Today was the last day of this year’s Provincial Heritage Fair; the day to say goodbye and travel home for most participants. After a wrap-up breakfast and chance to choose all their favourite foods, the delegates going home by plane departed at around 8:30 am, while the rest who were either going to catch the ferry, or get picked up by their parents, stayed and played a little longer. Final activities included cleaning up, reliving memories and a lively game of camouflage.
This year’s fair was, for the most part, a fun filled, hot, and sunny week, so it was quite poetic that the clouds started to roll in shortly after things wrapped up; as if they were curtains closing on the ‘final act’ of the 2017 BC Provincial Heritage Fair.
A heartful thank you was felt by all participants to the organizers, sponsors, volunteers, and dignitaries who made this such an amazing event.
Today was presentation day for all of this year’s delegates. So for this post, we are going to talk about what is important to remember when you are around people that you respect and may be a little afraid of.
When you are at a young age, you treat every person pretty much the same. You are mad at people when your mad, and happy with people when your happy.
As people get older, they tend to make pictures of other people in their mind, especially people in authority. This picture greatly changes how we act towards, or treat those people. Now sometimes this can be a good thing, but some people can get a bit carried away with the picture they paint of other people, and this can really effect how those people are treated. Also, another affect of painted grand pictures of people is being very awkward in front of them. This can be embarrassing and may leave you with a bad memory around that person.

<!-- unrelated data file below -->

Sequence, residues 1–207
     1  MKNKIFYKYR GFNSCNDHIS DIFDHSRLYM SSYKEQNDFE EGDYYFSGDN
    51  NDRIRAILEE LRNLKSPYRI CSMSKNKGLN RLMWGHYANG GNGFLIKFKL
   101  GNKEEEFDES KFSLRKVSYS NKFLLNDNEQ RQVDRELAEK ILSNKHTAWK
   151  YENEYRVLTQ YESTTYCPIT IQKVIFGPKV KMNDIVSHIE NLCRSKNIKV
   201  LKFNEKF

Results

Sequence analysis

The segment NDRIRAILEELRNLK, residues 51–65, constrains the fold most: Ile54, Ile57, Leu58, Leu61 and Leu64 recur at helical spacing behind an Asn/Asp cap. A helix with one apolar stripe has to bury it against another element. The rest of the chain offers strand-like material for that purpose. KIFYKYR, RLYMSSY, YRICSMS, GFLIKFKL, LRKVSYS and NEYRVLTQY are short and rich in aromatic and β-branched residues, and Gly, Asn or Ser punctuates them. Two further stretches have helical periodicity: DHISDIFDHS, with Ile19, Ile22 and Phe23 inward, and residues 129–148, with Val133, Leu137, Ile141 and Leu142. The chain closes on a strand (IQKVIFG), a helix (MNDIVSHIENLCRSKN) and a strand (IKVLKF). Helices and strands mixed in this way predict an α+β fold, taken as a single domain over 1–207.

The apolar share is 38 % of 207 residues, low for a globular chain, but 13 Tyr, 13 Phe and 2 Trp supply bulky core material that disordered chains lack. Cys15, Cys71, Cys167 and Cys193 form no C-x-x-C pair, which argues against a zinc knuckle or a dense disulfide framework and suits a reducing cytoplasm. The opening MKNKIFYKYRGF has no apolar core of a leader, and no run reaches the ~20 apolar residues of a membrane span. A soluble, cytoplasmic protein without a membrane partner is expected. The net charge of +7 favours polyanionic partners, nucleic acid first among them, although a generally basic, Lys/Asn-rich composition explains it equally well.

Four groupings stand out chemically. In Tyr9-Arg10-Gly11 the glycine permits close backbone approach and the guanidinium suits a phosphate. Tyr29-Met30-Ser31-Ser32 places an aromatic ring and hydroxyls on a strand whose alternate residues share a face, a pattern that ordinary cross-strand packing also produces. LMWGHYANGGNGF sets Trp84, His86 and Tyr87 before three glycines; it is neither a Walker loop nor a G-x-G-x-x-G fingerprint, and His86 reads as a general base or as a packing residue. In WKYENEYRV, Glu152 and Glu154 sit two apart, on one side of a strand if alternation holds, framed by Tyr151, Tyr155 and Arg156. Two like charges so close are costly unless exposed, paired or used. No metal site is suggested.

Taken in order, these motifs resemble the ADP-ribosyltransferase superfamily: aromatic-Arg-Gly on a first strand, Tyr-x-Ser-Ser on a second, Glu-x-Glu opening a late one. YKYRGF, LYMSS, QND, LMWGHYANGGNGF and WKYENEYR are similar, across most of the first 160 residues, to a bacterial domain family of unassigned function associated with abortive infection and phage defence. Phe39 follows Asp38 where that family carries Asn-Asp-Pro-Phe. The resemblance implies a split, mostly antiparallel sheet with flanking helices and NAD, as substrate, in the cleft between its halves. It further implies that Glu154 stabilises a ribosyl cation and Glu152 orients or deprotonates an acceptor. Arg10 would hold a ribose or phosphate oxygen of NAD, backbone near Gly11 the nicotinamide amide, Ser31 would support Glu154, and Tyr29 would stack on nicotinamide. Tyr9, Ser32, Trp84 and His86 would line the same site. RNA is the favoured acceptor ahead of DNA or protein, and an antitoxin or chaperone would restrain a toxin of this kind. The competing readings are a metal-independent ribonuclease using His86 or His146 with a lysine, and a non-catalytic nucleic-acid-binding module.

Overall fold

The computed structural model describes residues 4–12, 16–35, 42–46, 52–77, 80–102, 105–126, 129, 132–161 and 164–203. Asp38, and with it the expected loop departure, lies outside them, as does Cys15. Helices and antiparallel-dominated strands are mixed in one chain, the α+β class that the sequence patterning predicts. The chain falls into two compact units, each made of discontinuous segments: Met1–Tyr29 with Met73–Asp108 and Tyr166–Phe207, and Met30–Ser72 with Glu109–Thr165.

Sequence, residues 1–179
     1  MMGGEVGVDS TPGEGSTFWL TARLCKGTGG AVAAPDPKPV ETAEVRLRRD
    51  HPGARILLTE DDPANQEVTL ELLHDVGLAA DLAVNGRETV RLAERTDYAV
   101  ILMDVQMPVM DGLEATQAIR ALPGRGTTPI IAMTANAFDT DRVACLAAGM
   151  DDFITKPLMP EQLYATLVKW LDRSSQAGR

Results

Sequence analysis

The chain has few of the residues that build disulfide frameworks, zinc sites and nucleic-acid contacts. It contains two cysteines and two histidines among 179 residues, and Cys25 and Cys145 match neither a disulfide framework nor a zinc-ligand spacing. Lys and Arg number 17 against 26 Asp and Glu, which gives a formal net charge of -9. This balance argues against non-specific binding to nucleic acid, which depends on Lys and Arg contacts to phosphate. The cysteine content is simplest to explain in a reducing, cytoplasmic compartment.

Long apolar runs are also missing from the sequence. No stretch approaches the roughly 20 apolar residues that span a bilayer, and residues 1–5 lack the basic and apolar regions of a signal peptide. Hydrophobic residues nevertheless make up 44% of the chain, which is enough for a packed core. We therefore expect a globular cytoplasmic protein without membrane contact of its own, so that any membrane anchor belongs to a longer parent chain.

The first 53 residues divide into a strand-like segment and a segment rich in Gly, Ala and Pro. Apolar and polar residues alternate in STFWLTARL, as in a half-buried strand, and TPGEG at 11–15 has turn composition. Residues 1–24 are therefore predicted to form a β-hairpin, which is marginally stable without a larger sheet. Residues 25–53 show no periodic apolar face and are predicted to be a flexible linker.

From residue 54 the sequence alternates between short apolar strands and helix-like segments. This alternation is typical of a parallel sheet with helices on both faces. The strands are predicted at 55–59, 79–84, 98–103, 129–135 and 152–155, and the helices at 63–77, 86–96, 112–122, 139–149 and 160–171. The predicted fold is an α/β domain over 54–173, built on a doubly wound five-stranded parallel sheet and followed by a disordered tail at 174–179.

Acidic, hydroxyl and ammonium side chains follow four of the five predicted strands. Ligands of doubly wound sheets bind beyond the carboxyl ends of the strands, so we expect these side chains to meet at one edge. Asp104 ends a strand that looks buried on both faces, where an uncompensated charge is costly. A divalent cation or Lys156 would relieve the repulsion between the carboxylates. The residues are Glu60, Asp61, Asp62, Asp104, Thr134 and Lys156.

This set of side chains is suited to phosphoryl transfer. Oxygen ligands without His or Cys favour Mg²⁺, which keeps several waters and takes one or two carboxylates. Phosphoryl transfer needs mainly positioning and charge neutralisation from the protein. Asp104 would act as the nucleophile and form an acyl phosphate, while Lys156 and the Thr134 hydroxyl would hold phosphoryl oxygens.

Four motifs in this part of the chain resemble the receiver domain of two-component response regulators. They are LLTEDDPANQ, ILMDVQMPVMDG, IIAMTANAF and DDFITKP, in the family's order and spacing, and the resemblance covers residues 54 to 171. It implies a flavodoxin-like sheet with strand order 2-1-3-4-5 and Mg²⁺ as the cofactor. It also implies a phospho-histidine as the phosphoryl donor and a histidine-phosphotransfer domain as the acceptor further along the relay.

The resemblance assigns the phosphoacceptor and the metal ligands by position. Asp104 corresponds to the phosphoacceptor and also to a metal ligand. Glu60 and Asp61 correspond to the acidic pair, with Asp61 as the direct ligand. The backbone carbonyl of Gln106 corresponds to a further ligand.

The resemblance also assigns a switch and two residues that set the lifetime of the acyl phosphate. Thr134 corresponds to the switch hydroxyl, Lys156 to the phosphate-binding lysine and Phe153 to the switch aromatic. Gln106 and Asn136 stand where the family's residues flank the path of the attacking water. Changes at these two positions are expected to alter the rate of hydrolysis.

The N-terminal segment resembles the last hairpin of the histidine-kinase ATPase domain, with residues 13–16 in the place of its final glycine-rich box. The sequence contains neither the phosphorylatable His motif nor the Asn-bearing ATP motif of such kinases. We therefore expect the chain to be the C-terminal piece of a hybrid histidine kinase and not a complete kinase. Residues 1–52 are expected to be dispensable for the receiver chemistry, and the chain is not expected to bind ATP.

So to some things up, it is important to act properly in whatever situation you are in and to never make false assumptions around people, but also remember that no one is perfect, and making mistake is alright. When you are talking to someone important or someone you respect, you must remember that most of the time they are on your side and want to see you do your best.
That’s all for now!
We started the day with a quick stop at Mt. Tolmie, one of the highest points in Victoria, which featured a view of the city. From there, we went to the Legislative Assembly, a grand and imposing building.
Our tour guide, Giorgia, started off by acknowledging we were on traditional First Nations territory. She went on to tell us about the history of the Legislative. Next, we saw the chamber. Outside, there were plaques with the names of MLAs on it. Our tour guide recruited our help to find when Mary Ellen Smith, the first female MLA, had a seat using these plaques. As the delegates searched, someone behind us spoke, giving clues to where the name was. We turned, and behold, there was Mary Ellen! She transported us back in time, showing us how the movement for female rights happened.
After, we went to the museum which was amazing, and huge. The museum featured three exhibits, about Terry Fox, family bonds, and natural history.
For lunch, we visited the Government House, home of the Lieutenant Governor. Most of the delegates enjoyed an exciting game of Mafia, and a few of us went to the gardens, which were absolutely beautiful.
After, we walked to the cemetery which had three activities: storytelling, restoration, and recording.
During the storytelling activity, we were able to walk around the cemetery and hear stories about some of the people there. We visited the grave of Emily Carr, one of the most visited graves. Other notable graves include James Douglas, Barker, and Peter Leech. An item of interest to me personally was part of the inscription on Barker’s headstone, the rock of which apparently came from the place he found gold, that said “He died poor in wealth but forever rich in friends.”
Another activity was restoration, as mentioned before. Armed with rakes and brushes, we tried to “make a difference in the cemetery.” After about fifteen minutes of scrubbing, the headstones were rinsed with a hose, and wow, even a quarter of an hour made a huge difference.
Finally, we worked in pairs to record information about a gravestone. This was so that if one was damaged, it could be re-created with the information written. We took notes on the font, inscriptions, measurements, and even drew the stones from different angles.
We then walked down to the beach, where we had delicious hot dogs. We played on the beach, some swimming, others walking around on the logs.
Finally, to end off the day, we went swimming, which was refreshing and a lot of fun.
To conclude, today was not as jam-packed as yesterday, and the pool and beach provided a nice place to relax, but I trust the delegates had just as much fun and were able to experience Victoria in new ways.